by Kevin Stein
It’s a cold early spring day. I’m having coffee with Sachi, one of my former students. She has chosen a traditional Japanese house which was recently converted into a cafe. The floors are Japanese style straw mats. The coffee is served in bone-china so thin the light actually shines through the sides of the cup. From the large front window, we can see deer grazing in the park across the road. Sachi is wearing a sweat suit. She is, as always, smiling and relaxed. I taught her for 6 years in my advanced learner class. When she first came to my class, she was a medical student. Now she is an attending physician at one of the largest hospitals in Osaka. She is an accomplished member of the Japanese calligraphy community, a pianist, and is currently studying the art of coffee roasting. The following interview has been lightly edited for brevity and clarity.
Kevin: So what do you think of the coffee?
Sachi: It’s good. It’s a light roast, but it still manages to have a nice deep note of chocolate and a nutty quality. That’s quite difficult to get.
Kevin: You’ve had a lot of teachers over the years, can you think of three teachers who are memorable?
Sachi: Actually, I can think of many teachers who are memorable. But it’s not just the teachers. It’s the whole class. When I remember a teacher, I remember a student or two and a specific lesson as well. The teachers who I have a hard time remembering is more like a big blank in my English learning. I can’t remember the classes at all.
Kevin: That’s interesting. Do you think there is some kind of connection between good teaching and this kind of bigger picture you have of the whole class experience?
Sachi: I think so. I think a good teacher is able to make all kinds of things stand out. The best teachers I have had really give the students a chance to express themselves. So that is probably why I remember my classmates in those classes. Of course it just might be my tastes. Maybe I like a teacher who doesn’t have to have all the attention all the time.
Kevin: When you were one of my students, you always took time to ask other students what they thought in class. You were an excellent listener. What do you think about a teacher’s responsibility to teach and a teacher’s responsibility to listen.
Sachi: You know, I’m a medical doctor, and when I first started working, I thought a big part of my job was to tell patients what to do to get healthy. Which is a very typical novice doctor’s mistake. Now I know that the most important part of my job is to listen to my patients. They often know what is wrong with them. But I have to help them find the words to tell me about it. In the same way, I want my English teachers to let me speak and to let me find the words to say what I want to say. When I am a student in class, I also want to see and hear how other students express themselves. It is an important part of my learning. So I think it is a great thing when a teacher can be comfortable not talking. Of course, I love to talk, too. So sometimes I think a teacher needs to find a way to tell me to be quiet as well.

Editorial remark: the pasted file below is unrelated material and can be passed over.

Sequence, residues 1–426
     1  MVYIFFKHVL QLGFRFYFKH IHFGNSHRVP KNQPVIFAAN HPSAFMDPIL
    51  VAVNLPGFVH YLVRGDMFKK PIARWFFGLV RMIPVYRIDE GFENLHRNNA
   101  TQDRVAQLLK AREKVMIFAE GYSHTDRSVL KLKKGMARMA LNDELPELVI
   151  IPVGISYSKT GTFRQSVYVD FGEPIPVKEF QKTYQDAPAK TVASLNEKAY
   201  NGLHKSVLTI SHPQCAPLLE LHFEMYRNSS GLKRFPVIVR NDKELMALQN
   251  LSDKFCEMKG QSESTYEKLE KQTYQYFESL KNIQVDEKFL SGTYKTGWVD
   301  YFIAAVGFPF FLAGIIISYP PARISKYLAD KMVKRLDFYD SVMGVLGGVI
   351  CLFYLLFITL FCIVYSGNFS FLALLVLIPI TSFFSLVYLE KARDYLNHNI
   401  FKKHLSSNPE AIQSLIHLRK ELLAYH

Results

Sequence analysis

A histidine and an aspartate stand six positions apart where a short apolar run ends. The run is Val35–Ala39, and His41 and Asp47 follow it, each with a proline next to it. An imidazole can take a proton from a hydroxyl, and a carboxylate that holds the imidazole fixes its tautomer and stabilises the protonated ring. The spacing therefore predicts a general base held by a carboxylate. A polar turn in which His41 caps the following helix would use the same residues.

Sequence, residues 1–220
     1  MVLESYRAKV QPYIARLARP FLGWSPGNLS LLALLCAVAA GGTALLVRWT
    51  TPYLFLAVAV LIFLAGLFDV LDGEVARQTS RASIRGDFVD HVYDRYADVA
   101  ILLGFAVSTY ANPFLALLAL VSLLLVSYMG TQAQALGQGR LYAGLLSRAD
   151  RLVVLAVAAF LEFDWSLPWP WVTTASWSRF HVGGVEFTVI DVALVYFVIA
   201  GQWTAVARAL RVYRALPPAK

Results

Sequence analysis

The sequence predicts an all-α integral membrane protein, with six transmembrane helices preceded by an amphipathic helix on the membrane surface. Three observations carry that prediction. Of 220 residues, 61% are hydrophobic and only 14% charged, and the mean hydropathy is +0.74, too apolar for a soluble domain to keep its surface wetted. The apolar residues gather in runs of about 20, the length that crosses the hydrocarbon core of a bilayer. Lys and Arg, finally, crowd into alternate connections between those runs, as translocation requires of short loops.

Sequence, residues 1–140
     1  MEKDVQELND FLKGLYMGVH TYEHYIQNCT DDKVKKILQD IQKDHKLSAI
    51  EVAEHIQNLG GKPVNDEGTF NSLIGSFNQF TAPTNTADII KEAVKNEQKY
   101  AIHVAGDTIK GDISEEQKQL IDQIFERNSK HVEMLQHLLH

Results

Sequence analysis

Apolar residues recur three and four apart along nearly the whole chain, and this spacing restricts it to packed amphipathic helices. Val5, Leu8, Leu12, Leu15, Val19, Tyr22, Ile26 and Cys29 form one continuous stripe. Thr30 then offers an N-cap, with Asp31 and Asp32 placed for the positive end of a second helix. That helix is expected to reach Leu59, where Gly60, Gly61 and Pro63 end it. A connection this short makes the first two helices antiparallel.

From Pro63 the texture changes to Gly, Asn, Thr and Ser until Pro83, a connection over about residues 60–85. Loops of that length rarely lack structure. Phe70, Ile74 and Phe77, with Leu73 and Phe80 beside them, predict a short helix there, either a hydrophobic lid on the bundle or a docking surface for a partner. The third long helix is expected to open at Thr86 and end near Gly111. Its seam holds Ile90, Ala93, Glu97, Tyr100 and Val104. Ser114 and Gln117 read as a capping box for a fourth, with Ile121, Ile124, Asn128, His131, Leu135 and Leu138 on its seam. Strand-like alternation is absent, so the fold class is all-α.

Kevin: I’m just wondering, do you think there are any other similarities between being a good doctor and being a good teacher?
Sachi: In Japanese, we use the same word for both teachers and doctors. The Chinese kanji means, “one who has lived in advance.” I take this to mean that a teacher is someone who has traveled a little further down the road that the student is on. If the student is willing, a teacher can help them take the next step a little more quickly or smoothly or enjoyably. But it is still the student who has to take that step. When you are treating a patient, it is often the same. I am an orthopaedic doctor and a lot of what I do involves patients taking special physical therapies. I might offer the treatment, but it is the patient who has to do the work.
Kevin: What happens when they just don’t do the work?
Sachi: (laughs) Are you talking about how our class never did their homework? Seriously, there is nothing I can do. But there are things I shouldn’t do. I can’t make the patient feel like a failure. If I do that, they will never go to therapy. And maybe they will just avoid the hospital. I can listen and make a different suggestion.
Kevin: Do you have any advice for teachers?
Sachi: In medicine, even in my field, which is orthopaedics, we are starting to realise that there is no such thing as illness or injury outside of a specific context. There are no living organisms which develop independently from their environment. We are focusing more and more on the environmental factors that impact our patient’s health. What is the patient’s diet at home? What is the noise condition of the neighbourhood? Is it keeping a child awake late at night, interfering with their development? Is there anything we can do to help the family mitigate these circumstances? I think learning and health are probably similar in this way.
Kevin: So you are saying that the teacher has to be aware of a student’s wider situation? That we have to understand all the factors that impact their learning?
Sachi: Not ALL the factors. But some of the factors. And more importantly, I have to help my patients learn to see the factors that impact their health even when I am not around. This is something I am just learning to do. My very best teachers helped me do this with my English learning.
Our coffee cups are empty. The sky is getting dark and the deer have all left the park across the way. Sachi looks out the window.
Sachi: Maybe I should start taking English classes again. You know any good teachers?